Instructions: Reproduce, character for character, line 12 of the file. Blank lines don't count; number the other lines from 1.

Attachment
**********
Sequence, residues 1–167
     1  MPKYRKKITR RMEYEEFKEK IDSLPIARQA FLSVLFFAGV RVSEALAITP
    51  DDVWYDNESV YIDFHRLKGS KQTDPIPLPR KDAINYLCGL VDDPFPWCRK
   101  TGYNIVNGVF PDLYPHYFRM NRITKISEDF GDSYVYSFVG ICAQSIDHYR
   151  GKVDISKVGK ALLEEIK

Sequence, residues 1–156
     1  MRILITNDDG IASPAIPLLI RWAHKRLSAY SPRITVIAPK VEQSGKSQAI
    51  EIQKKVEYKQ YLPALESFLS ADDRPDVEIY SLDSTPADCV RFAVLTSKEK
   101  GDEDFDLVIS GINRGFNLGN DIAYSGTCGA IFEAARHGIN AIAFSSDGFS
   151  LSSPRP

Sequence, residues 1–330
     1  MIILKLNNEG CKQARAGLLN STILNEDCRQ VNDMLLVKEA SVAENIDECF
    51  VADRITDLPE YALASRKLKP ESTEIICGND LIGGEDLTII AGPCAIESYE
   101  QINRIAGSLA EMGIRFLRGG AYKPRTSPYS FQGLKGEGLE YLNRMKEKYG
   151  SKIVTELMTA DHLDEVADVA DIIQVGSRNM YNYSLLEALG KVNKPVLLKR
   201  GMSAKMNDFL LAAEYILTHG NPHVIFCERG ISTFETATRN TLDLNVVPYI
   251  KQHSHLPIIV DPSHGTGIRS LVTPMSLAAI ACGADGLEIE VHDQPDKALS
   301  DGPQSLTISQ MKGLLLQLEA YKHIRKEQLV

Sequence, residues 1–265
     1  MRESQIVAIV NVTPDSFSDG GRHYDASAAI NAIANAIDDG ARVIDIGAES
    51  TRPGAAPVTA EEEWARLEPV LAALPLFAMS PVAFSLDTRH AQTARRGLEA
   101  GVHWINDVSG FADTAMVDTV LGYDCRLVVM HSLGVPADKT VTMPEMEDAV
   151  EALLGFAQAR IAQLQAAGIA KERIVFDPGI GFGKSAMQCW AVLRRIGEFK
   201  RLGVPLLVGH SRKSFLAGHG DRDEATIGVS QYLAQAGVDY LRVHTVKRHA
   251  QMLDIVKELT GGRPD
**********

     1  MIILKLNNEG CKQARAGLLN STILNEDCRQ VNDMLLVKEA SVAENIDECF